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Messages - David Cockey

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Face and Body Scanning / Re: Picture Style Setting
« on: July 14, 2014, 08:36:41 PM »
My guess is the sharpness adjustment in the camera is applied after before the image is compressed and converted to JPEG. Otherwise the individual pixel values would have to be extracted from the compressed JPEG data, sharpness applied, and then the image recompressed into JPEG format. It would be much more efficient and quicker to apply sharpening before compression.

Have you considered capturing the images in RAW (.cr2) as well as JPEG (.jpg) format? You could then process the images in the DPP software which came with the camera. DPP includes the ability to change or modify the "Picture Style".

Face and Body Scanning / Re: Picture Style Setting
« on: July 14, 2014, 02:50:51 PM »
Sharpening an image can cause loss of detail. Sharpening adjusts the local contrast to make the images appear "sharper". It does not increase the amount of detail in an image.

General / Re: EXR vs BMP panoramas
« on: July 14, 2014, 02:40:09 PM »
The difference in the appearance of the images is because the 32 bit EXR images do not have any gamma adjustment which is standard for images in 8 bit and 16 bit BMP, JPEG and TIFF formats.

Tonemapping the EXR images to a 8 bit or 16 bit format will make them look normal.

Feature Requests / Copy Camera command
« on: July 12, 2014, 10:06:55 PM »
A "Copy Cameras" command would be very useful for me. Same as "Move Cameras" except a copy of the cameras would remain in the source chunk.

Which operating system are you using?

131K points in the sparse cloud with 150 photos is reasonable.

A diagnostics run:

Copy the .psz file with a different name.

Start Task Manager and click on the Performance tab. How much memory is used without PhotoScan running?

Start PhotoScan and open the copy of the .psz file for the model. How much memory is used with PhotoScan open but not executing any commands?

Start to Build Dense Cloud.

Observe memory usage as shown in Task Manager. Let PhotoScan run until memory usage has leveled off. If it reaches 100% PhotoScan will start swapping data with the hard drive which makes PhotoScan run extremely slowly.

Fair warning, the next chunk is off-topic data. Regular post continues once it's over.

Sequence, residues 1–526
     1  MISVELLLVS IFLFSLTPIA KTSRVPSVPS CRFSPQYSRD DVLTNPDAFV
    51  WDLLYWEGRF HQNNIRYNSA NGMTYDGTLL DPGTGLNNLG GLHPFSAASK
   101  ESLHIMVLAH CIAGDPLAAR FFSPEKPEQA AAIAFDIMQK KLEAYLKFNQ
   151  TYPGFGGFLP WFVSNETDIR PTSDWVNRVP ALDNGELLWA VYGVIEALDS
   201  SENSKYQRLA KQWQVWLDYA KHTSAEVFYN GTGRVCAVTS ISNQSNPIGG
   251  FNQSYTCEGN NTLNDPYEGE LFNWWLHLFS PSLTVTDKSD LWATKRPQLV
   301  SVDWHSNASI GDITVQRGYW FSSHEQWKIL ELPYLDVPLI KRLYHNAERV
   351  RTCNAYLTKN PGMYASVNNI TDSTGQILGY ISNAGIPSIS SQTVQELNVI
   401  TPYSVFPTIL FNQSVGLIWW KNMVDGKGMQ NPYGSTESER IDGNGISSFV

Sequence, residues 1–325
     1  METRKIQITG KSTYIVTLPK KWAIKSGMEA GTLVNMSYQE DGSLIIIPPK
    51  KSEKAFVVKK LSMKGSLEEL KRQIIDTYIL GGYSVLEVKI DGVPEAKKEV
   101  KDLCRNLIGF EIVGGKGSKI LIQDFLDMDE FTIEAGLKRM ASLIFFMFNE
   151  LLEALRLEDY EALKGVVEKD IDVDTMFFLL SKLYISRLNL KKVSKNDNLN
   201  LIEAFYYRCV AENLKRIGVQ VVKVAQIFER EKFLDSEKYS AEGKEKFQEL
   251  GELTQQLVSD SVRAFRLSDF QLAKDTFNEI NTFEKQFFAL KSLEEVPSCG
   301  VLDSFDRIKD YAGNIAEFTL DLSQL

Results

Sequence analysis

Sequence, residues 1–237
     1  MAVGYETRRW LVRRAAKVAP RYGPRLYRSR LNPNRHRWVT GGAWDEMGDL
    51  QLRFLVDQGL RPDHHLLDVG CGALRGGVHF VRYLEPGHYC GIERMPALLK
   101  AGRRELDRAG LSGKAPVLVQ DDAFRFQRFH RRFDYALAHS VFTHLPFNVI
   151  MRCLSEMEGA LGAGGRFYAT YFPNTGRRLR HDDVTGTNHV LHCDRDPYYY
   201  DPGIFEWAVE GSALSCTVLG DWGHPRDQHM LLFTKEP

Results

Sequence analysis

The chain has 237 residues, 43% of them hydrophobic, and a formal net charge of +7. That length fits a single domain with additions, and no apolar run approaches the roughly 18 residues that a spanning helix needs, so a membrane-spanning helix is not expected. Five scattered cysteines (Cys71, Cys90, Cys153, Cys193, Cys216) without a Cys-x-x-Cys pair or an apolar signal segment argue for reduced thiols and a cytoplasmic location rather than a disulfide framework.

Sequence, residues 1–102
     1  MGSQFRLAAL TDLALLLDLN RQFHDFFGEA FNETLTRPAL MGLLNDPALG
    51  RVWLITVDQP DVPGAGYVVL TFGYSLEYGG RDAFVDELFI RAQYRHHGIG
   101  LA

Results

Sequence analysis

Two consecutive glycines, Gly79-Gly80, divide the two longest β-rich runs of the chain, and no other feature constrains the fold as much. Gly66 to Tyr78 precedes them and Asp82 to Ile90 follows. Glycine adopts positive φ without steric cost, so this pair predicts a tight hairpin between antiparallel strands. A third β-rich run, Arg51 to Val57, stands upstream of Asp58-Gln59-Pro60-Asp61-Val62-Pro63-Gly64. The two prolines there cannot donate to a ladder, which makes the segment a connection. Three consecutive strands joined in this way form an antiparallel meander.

What settings did you use for Build Dense Cloud and Build Mesh?  60 hours with 150 photos sounds like the memory filled and swapped with the hard drive. If so one possible fix may be to increase memory size. Another fix is to split the project into smaller chunks after Align Photos.

General / Re: Plastic Fantastic Prme Lense for Canon
« on: July 10, 2014, 05:00:26 AM »
Yes, its the pancake lens. All the reviews and tests of it I've seen have been excellent and I've gotten very good results.

General / Re: Plastic Fantastic Prme Lense for Canon
« on: July 09, 2014, 11:41:21 PM »
I use the Canon EF 40mm f2.8 prime lens which has image quality very similar to the 50mm f1.8 with a wider field of view. It is a little more expensive, list price of $249 but typically available for $149 in the US. It has better build quality and quieter and probably faster autofocus than the 50mm f1.8 (which as Marcel points doesn't affect PhotoScan results).

General / Re: GPU processing during the modeling and settings
« on: July 08, 2014, 06:19:30 AM »
GPU is not used during Align Photos.

GPU is used heavily during Reconstructing depth portion of Build Dense Cloud.

GPU is not used during Build Mesh.

GPU is not used during Build Texture.

With I7-3770 CPU (4 cores / 8 virtual cores) and Radeon HD 7770 GPU best performance is with 6/8 "Active CPU Cores". However during Align Photos 100% of all 8 virtual cores are used.